The nature of the low-frequency emission of M 51
First observations of a nearby galaxy with LOFAR⋆
1 Max-Planck-Institut für Radioastronomie, Auf dem Hügel 69, 53121 Bonn, Germany
2 ASTRON, Postbus 2, 7990 AA, Dwingeloo, The Netherlands
3 Kapteyn Astronomical Institute, Postbus 800, 9700 AV Groningen, The Netherlands
4 School of Mathematics and Statistics, Newcastle University, Newcastle-upon-Tyne NE1 7RU, UK
5 School of Physics and Astronomy, University of Southampton, Highfield, SO17 1SJ, Southampton, UK
6 Universität Hamburg Sternwarte, Gojenbergsweg 112, 21029 Hamburg, Germany
7 INAF-IRA Bologna, via Gobetti 101, 40129 Bologna, Italy
8 Astronomical Observatory, Jagiellonian University, ul. Orla 171, 30-244 Kraków, Poland
9 Dept. of Earth and Space Sciences, Chalmers University of Technology, Onsala Space Observatory, 439 92 Onsala, Sweden
10 Ruhr-Universität Bochum, Astronomisches Institut, 44780 Bochum, Germany
11 Max-Planck-Institut für Astrophysik, Karl-Schwarzschild-Str. 1, 85748 Garching, Germany
12 Department of Astrophysics/IMAPP, Radboud University Nijmegen, PO Box 9010, 6500 GL Nijmegen, The Netherlands
13 Leiden Observatory, Leiden University, PO Box 9513, 2300 RA Leiden, The Netherlands
14 Argelander-Institut für Astronomie, Radio Astronomy Department, Auf dem Hügel 71, 53121 Bonn, Germany
15 Department of Physics and Astronomy, University of Bologna, V.le Berti Pichat 6/2, 40127 Bologna, Italy
Received: 12 May 2014
Accepted: 1 July 2014
Context. Low-frequency radio continuum observations (<300 MHz) can provide valuable information on the propagation of low-energy cosmic ray electrons (CRE). Nearby spiral galaxies have hardly been studied in this frequency range because of the technical challenges of low-frequency radio interferometry. This is now changing with the start of operations of LOFAR.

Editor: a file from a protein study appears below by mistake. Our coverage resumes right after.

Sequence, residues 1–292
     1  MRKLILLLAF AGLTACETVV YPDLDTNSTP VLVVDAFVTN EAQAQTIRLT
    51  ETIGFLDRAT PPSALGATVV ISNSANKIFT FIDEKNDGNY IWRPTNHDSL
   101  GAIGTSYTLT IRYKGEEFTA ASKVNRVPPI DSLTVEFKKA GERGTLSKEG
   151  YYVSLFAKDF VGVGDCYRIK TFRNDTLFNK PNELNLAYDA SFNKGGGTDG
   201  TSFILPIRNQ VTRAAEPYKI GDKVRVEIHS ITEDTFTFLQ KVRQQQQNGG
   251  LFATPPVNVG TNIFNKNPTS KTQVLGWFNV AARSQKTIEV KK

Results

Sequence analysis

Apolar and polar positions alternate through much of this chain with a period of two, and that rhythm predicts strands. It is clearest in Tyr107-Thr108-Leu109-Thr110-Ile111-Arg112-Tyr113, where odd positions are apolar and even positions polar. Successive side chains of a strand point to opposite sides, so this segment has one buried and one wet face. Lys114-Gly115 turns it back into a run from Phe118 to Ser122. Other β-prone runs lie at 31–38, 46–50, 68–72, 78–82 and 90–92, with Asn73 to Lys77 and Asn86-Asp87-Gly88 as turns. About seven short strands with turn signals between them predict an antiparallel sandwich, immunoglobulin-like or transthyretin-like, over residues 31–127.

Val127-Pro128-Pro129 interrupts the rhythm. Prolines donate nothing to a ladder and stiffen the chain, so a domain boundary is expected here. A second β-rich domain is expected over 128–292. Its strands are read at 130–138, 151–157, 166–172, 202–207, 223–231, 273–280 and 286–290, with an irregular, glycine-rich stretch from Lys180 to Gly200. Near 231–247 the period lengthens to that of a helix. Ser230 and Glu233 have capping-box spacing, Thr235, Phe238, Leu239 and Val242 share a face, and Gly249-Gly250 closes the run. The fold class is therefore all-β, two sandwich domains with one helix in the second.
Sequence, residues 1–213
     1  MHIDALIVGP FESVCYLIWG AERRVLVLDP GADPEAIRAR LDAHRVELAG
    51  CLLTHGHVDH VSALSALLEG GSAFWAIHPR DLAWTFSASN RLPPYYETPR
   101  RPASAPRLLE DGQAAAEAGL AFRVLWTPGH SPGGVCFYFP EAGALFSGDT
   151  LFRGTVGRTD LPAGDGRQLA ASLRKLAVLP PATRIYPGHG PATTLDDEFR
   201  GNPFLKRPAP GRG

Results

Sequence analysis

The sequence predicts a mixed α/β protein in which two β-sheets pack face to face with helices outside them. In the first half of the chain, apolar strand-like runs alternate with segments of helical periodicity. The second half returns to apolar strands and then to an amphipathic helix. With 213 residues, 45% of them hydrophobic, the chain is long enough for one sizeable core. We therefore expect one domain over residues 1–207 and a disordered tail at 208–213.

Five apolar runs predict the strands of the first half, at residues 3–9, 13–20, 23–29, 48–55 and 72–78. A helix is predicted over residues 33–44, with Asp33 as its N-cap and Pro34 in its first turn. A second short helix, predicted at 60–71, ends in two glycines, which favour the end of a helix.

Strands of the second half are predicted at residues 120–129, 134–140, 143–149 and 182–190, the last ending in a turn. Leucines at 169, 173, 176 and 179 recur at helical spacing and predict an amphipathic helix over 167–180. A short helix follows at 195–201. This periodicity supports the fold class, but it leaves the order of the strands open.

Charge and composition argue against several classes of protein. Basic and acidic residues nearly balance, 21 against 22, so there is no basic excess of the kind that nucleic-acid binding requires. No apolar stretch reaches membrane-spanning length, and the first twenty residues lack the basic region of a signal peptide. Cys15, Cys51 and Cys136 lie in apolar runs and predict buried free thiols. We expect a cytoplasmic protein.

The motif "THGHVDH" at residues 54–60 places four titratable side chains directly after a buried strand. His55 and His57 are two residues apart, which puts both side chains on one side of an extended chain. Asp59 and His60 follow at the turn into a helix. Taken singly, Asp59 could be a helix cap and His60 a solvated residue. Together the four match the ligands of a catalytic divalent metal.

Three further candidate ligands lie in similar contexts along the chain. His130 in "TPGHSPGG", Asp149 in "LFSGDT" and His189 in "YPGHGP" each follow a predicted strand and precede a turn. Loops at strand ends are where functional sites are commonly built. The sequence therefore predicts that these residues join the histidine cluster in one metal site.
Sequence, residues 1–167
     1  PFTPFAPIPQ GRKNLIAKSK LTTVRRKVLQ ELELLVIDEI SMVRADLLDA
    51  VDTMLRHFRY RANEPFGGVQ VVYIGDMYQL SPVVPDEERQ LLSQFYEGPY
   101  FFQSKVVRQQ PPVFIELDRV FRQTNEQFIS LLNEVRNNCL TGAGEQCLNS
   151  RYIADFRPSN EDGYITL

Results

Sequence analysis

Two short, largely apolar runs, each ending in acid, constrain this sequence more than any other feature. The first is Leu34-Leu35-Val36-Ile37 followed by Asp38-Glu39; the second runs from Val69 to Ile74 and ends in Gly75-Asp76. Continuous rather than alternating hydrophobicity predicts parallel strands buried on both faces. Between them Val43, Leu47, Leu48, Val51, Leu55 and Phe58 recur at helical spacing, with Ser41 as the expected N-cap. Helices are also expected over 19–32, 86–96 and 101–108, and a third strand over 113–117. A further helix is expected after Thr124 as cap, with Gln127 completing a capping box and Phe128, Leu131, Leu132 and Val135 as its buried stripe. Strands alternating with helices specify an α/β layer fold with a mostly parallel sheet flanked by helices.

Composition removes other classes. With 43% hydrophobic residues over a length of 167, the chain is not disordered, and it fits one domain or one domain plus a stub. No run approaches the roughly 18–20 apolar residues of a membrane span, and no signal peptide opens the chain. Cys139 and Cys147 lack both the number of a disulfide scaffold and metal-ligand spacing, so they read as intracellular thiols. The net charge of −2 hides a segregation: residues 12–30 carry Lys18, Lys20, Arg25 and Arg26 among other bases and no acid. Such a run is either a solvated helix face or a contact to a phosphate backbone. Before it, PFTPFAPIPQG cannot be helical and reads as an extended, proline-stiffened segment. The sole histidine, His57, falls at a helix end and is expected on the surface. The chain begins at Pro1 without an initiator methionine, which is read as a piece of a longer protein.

Aims. We aim to study the propagation of low-energy CRE in the interarm regions and the extended disk of the nearly face-on spiral galaxy Messier 51. We also search for polarisation in M 51 and other extragalactic sources in the field.
Methods. The grand-design spiral galaxy M 51 was observed with the LOFAR High Frequency Antennas (HBA) and imaged in total intensity and polarisation. This observation covered the frequencies between 115 MHz and 175 MHz with 244 subbands of 8 channels each, resulting in 1952 channels. This allowed us to use RM synthesis to search for polarisation.
Results. We produced an image of total emission of M 51 at the mean frequency of 151 MHz with 20′′ resolution and 0.3 mJy rms noise, which is the most sensitive image of a galaxy at frequencies below 300 MHz so far. The integrated spectrum of total radio emission is described well by a power law, while flat spectral indices in the central region indicate thermal absorption. We observe that the disk extends out to 16 kpc and see a break in the radial profile near the optical radius of the disk. The radial scale lengths in the inner and outer disks are greater at 151 MHz, and the break is smoother at 151 MHz than those observed at 1.4 GHz. The arm-interarm contrast is lower at 151 MHz than at 1400 MHz, indicating propagation of CRE from spiral arms into interarm regions. The correlations between the images of radio emission at 151 MHz and 1400 MHz and the FIR emission at 70 μm reveal breaks on scales of 1.4 and 0.7 kpc, respectively. The total (equipartition) magnetic field strength decreases from about 28 μG in the central region to about 10 μG at 10 kpc radius. No significant polarisation was detected from M 51, owing to severe Faraday depolarisation. Six extragalactic sources are detected in polarisation in the M 51 field of 4.1° × 4.1° size. Two sources show complex structures in Faraday space.
Conclusions. Our main results, the scale lengths of the inner and outer disks at 151 MHz and 1.4 GHz, arm-interarm contrast, and the break scales of the radio-FIR correlations, can be explained consistently by CRE diffusion, leading to a longer propagation length of CRE of lower energy. The distribution of CRE sources drops sharply at about 10 kpc radius, where the star formation rate also decreases sharply. We find evidence that thermal absorption is primarily caused by H ii regions. The non-detection of polarisation from M 51 at 151 MHz is consistent with the estimates of Faraday depolarisation. Future searches for polarised emission in this frequency range should concentrate on regions with low star formation rates.
Key words: polarization / cosmic rays / galaxies: ISM / galaxies: magnetic fields / radio continuum: galaxies
The total intensity FITS file of the Stokes I image of M 51 is only available at the CDS via anonymous ftp to cdsarc.u-strasbg.fr (220.127.116.11) or via http://cdsarc.u-strasbg.fr/viz-bin/qcat?J/A+A/568/A74
Now at the School of Physics and Astronomy, University of Southampton, Highfield, SO17 1SJ, Southampton, UK.
© ESO, 2014